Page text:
GMO Myths and Truths
11 GMO Myths Totally Debunked
Based on the evidence presented in the report, GMO Myths and Truths: An evidence-based examination of the claims made for the safety and efficacy of genetically modified crops, there is no need to take risks with GM crops when effective, readily available, and sustainable solutions to the problems that GM technology is claimed to address already exist.
Conventional plant breeding, in some cases helped by safe modern technologies like gene mapping and marker assisted selection, continues to outperform GM in producing high-yield, drought-tolerant, and pest- and disease-resistant crops that can meet our present and future food needs.
Genetically modified (GM) crops are promoted on the basis of a range of far-reaching claims from the GM crop industry and its supporters. They say that GM crops:
1. Are an extension of natural breeding and do not pose different risks from naturally bred crops 2. Are safe to eat and can be more nutritious than naturally bred crops 3. Are strictly regulated for safety 4. Increase crop yields 5. Reduce pesticide use 6. Benefit farmers and make their lives easier 7. Bring economic benefits 8. Benefit the environment 9. Can help solve problems caused by climate change 10. Reduce energy use 11. Will help feed the world.
However, a large and growing body of scientific and other authoritative evidence shows that these claims are not true. On the contrary, evidence presented in this report indicates that GM crops:
1. Are laboratory-made, using technology that is totally different from natural breeding methods, and pose different risks from non-GM crops 2. Can be toxic, allergenic or less nutritious than their natural counterparts 3. Are not adequately regulated to ensure safety 4. Do not increase yield potential 5. Do not reduce pesticide use but increase it 6. Create serious problems for farmers, including herbicide-tolerant “superweeds”, compromised soil quality, and increased disease susceptibility in crops 7. Have mixed economic effects 8. Harm soil quality, disrupt ecosystems, and reduce biodiversity 9. Do not offer effective solutions to climate change 10. Are as energy-hungry as any other chemically-farmed crops 11. Cannot solve the problem of world hunger but distract from its real causes – poverty, lack of access to food and, increasingly, lack of access to land to grow it on.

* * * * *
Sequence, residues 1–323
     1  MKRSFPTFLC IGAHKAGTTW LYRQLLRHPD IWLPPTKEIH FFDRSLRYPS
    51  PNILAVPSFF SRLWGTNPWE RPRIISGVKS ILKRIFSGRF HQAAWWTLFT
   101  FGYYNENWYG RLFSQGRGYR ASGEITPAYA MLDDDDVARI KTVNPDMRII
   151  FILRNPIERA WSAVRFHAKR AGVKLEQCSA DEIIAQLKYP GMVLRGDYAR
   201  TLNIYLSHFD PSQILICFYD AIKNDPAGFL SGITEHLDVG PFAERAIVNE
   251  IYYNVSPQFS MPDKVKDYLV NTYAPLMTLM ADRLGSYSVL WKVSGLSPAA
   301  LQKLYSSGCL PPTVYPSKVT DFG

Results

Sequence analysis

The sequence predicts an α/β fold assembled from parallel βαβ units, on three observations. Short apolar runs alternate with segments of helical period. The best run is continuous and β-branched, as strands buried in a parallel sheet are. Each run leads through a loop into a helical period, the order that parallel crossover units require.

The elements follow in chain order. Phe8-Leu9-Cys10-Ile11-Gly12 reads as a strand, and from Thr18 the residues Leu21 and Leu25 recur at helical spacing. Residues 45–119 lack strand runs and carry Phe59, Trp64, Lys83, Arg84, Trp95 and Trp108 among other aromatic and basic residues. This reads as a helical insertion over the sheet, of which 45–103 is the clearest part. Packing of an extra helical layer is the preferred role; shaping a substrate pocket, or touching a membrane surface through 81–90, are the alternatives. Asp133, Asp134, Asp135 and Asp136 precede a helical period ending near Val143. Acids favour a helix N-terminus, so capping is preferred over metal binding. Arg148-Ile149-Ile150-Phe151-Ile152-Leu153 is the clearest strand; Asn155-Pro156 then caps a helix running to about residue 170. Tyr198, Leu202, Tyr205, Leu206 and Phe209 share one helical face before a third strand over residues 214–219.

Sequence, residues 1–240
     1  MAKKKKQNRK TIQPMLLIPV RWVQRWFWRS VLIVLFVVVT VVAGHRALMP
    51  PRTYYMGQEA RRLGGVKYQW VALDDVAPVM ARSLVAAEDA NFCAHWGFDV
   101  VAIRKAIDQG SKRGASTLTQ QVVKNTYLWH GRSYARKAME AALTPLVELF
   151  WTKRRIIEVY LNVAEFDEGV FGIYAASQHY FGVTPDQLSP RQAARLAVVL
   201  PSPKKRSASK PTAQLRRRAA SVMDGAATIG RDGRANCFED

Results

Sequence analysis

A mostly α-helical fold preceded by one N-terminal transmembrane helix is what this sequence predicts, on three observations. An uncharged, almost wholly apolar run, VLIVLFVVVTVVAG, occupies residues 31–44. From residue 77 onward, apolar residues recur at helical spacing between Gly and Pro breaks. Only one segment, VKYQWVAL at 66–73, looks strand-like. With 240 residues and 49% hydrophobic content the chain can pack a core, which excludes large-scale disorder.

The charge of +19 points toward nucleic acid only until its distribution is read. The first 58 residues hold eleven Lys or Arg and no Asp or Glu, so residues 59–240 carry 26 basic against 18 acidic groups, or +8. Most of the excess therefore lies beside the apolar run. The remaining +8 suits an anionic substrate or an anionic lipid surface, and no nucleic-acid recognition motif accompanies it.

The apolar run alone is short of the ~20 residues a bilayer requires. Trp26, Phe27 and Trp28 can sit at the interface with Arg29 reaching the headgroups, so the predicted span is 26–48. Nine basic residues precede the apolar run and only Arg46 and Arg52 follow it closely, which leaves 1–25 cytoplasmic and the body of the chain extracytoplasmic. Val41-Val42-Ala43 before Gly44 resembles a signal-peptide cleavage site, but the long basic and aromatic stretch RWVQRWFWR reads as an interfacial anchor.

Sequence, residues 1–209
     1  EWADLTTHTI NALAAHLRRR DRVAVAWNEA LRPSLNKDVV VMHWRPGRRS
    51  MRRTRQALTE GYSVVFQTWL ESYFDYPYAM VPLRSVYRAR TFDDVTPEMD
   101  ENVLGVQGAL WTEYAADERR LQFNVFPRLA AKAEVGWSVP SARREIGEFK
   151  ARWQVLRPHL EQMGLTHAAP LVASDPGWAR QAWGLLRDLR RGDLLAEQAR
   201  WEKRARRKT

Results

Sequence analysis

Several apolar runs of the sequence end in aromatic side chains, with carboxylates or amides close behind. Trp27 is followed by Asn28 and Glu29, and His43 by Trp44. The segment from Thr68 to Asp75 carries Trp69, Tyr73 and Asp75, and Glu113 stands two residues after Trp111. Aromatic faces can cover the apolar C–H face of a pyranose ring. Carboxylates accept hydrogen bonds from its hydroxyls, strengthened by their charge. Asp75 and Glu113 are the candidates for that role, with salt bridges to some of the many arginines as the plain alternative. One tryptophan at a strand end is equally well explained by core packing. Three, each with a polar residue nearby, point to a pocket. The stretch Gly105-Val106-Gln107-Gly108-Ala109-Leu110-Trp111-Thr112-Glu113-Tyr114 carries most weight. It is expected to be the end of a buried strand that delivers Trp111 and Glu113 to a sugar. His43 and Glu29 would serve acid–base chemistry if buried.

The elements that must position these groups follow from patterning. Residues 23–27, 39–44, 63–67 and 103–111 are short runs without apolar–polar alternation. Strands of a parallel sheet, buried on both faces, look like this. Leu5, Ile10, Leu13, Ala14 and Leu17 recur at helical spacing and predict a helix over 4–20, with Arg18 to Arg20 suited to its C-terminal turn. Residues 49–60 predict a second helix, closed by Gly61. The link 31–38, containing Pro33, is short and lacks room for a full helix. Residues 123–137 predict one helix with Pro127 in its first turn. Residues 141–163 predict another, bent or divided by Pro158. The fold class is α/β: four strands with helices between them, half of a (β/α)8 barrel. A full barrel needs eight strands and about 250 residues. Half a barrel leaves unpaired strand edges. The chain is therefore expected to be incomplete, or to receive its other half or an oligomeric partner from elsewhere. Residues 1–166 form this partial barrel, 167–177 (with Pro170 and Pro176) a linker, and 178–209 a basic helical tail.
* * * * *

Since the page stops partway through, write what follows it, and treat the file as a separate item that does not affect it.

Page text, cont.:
About the authors
Michael Antoniou, PhD is a reader in molecular genetics and head, Gene Expression and Therapy Group, King’s College London School of Medicine, London, UK. He has 28 years’ experience in the use of genetic engineering technology investigating gene organisation and control, with over 40 peer reviewed publications of original work, and holds inventor status on a number of gene expression biotechnology patents. Dr Antoniou has a large network of collaborators in industry and academia who are making use of his discoveries in gene control mechanisms for the production of research, diagnostic and therapeutic products and safe and efficacious human somatic gene therapy for inherited and acquired genetic disorders.
Claire Robinson, MPhil, is research director at Earth Open Source. She has a background in investigative reporting and the communication of topics relating to public health, science and policy, and the environment. She is an editor at GMWatch (www.gmwatch.org), a public information service on issues relating to genetic modification, and was formerly managing editor at SpinProfiles (now Powerbase.org).
John Fagan, PhD is a leading authority on sustainability in the food system, biosafety, and GMO testing. He is founder and chief scientific officer of one of the world’s first GMO testing and certification companies, through which he has pioneered the development of innovative tools to verify and advance food purity, safety and sustainability. He co-founded Earth Open Source, which uses open source collaboration to advance sustainable food production. Earlier, he conducted cancer research at the US National Institutes of Health. He holds a PhD in biochemistry and molecular and cell biology from Cornell University.
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